Creative drive as MacPherson starts new job

Robin MacPherson: 'struck by the breadth and the depth of the creativity in the islands' - Photo: Hans J Marter/ShetNews

THE UNIVERSITY of the Highlands and Islands’ first chair of creative industries has vowed to boost the status of the arts in the north of Scotland as he begins his new job.

Professor Robin MacPherson took up the Shetland College-based post in August as the university increases its creative activity.


The former Napier University director is bringing with him a wealth of experience, having been involved in film and television since the late 1980s.

MacPherson produced the BAFTA-nominated drama The Butterfly Man and he helped to establish Screen Academy Scotland in 2005.

The professor is now settling into the new job, which is partly funded by Shetland Islands Council, Highlands and Islands Enterprise and Creative Scotland, as he gets used to life on the isles.

MacPherson cites three main areas that he will be involved in on a day-to-day basis: research, curriculum development and knowledge exchange.

This will entail investigating the links between the Highlands and Islands and the creative sector’s businesses, for example, as well as building the UHI’s portfolio of culture-based offerings.


“One of the things the UHI is looking to do is to develop a degree offer,” he said.

“This is so that students in the Highlands and Islands have more of a choice – they won’t have to go to Edinburgh, Glasgow or London, for example, to study.”

So what exactly are the creative industries? “There’s been a bit of time spent trying to define that,” he laughed.

“The obvious ones are fashion, textiles, music, broadcasting, film, publishing and craft. One of the interesting things is that a lot of creative jobs are not in the creative industries.


“You could work in the oil industry as a graphic designer, for example. It ranges from subsidised art forms through to others areas, so it’s very diverse. It’s a catch-all term.”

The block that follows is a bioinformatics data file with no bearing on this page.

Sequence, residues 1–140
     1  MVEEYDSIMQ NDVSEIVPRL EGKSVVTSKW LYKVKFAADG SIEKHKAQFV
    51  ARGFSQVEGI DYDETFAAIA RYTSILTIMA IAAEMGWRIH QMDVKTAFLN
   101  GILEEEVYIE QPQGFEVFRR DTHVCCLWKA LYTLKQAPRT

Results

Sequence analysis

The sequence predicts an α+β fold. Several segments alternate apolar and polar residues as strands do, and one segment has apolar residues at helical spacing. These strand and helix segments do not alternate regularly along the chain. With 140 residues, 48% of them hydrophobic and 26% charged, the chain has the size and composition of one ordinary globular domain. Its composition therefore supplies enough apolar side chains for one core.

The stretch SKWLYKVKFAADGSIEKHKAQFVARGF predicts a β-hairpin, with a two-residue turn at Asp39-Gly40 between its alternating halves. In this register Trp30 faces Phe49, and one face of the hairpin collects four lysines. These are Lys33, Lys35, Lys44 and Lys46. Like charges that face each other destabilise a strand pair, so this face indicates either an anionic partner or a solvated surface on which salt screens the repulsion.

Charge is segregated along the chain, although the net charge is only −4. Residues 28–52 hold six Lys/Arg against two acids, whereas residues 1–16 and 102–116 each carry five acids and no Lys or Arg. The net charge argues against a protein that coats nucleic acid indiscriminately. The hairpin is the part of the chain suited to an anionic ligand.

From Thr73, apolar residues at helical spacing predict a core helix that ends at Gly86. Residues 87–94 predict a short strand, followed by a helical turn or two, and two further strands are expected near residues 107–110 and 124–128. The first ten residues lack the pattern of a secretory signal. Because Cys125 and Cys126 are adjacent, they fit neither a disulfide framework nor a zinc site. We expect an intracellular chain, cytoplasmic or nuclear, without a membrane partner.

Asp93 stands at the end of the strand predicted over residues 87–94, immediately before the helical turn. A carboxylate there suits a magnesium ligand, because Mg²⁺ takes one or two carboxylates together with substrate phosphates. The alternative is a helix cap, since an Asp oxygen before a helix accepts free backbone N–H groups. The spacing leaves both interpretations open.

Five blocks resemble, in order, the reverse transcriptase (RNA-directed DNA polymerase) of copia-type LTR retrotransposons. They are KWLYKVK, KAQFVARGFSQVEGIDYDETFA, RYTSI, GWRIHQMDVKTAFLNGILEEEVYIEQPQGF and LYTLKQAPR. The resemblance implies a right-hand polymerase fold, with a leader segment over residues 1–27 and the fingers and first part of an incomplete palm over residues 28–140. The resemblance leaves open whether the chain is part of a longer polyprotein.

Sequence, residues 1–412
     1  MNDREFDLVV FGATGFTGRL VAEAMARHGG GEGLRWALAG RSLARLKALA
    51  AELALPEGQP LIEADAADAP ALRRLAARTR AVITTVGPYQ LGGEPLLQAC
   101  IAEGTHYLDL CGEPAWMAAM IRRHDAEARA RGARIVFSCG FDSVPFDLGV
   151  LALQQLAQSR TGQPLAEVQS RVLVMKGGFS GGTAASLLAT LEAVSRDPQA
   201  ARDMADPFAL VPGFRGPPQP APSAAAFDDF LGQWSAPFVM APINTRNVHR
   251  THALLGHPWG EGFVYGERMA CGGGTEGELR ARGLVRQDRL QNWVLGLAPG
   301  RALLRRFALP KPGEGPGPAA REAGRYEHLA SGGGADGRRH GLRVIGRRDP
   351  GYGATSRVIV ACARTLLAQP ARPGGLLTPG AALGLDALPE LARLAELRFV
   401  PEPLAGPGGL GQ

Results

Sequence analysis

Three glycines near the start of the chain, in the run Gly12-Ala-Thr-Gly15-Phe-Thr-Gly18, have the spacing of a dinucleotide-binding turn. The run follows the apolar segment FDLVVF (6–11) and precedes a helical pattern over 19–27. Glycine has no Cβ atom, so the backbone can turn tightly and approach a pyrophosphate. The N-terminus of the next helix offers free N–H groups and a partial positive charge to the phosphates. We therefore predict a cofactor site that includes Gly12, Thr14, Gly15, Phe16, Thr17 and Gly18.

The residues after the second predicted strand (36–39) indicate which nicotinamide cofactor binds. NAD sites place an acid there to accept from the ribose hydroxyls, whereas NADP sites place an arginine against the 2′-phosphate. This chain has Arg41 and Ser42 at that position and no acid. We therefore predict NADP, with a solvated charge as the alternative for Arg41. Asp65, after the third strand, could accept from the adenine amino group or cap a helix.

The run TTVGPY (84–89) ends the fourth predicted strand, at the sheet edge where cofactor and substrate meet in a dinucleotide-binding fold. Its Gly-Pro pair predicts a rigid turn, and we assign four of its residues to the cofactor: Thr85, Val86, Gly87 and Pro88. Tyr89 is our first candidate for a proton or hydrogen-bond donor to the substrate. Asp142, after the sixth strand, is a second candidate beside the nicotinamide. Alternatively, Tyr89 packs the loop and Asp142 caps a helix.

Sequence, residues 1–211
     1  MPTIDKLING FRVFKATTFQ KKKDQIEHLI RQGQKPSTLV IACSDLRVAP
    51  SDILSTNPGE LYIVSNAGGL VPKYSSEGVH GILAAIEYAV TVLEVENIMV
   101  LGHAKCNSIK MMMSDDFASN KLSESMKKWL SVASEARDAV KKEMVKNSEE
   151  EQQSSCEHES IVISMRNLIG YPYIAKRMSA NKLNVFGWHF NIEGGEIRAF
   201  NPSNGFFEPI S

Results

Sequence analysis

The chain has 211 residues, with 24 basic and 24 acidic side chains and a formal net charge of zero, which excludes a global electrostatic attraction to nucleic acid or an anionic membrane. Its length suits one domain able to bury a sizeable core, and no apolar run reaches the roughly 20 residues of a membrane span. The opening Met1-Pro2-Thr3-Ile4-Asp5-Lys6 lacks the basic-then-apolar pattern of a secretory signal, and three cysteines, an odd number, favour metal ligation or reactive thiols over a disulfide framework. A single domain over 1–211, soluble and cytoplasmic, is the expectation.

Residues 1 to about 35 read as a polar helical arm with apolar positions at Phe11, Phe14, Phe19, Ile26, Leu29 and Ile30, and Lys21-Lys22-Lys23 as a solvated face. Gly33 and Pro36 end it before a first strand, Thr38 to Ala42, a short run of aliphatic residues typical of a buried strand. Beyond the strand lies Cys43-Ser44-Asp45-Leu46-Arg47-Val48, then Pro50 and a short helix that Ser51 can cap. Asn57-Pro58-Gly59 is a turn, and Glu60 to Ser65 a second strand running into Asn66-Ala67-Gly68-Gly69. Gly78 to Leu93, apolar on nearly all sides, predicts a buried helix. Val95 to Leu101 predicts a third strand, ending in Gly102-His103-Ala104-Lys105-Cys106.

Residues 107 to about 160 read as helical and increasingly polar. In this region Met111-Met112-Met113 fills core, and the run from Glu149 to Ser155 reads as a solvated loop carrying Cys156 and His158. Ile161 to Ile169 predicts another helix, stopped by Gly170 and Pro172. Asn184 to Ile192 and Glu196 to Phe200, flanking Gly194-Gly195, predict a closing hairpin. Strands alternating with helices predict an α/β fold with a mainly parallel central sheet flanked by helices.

Shetland is known for many cultural exports, and MacPherson cited textiles, craft and music as three areas the isles have a “global reputation” in.

The UHI currently gives Shetland students the chance to learn in some of those fields through courses such as contemporary textiles and applied music.

“There’s a lot of opportunity in Shetland, particularly with the growing digital nature of creative opportunities,” he added.

“There’s an opportunity to build up the brand of Shetland internationally.

“We’ll also be able to identify where there’s opportunities for jobs and business turnover in Shetland.

“We can work with businesses to identify ways in which to take things globally. If you’re a craft maker in Shetland, you can be selling to customers worldwide. They may need help to see that there’s demand there, or to see there’s opportunities.


“There’s also developing the offering at the Shetland College and across the UHI networks for students, as well as for people returning through post-graduate opportunities.”

MacPherson left his job at Edinburgh’s Napier University to help launch the UHI’s new creative drive in the far north of Scotland.

It seems Shetland, however, has been on his mind ever since he set foot on the isles two years ago.

“I first came to Shetland a couple of years ago and I was just really struck by the breadth and the depth of the creativity in the islands,” he said.

“With video conferencing, being based in Shetland is possible in a way which might have been very difficult ten years ago. And I’m sure a change of scenery for me will blow the cobwebs off.”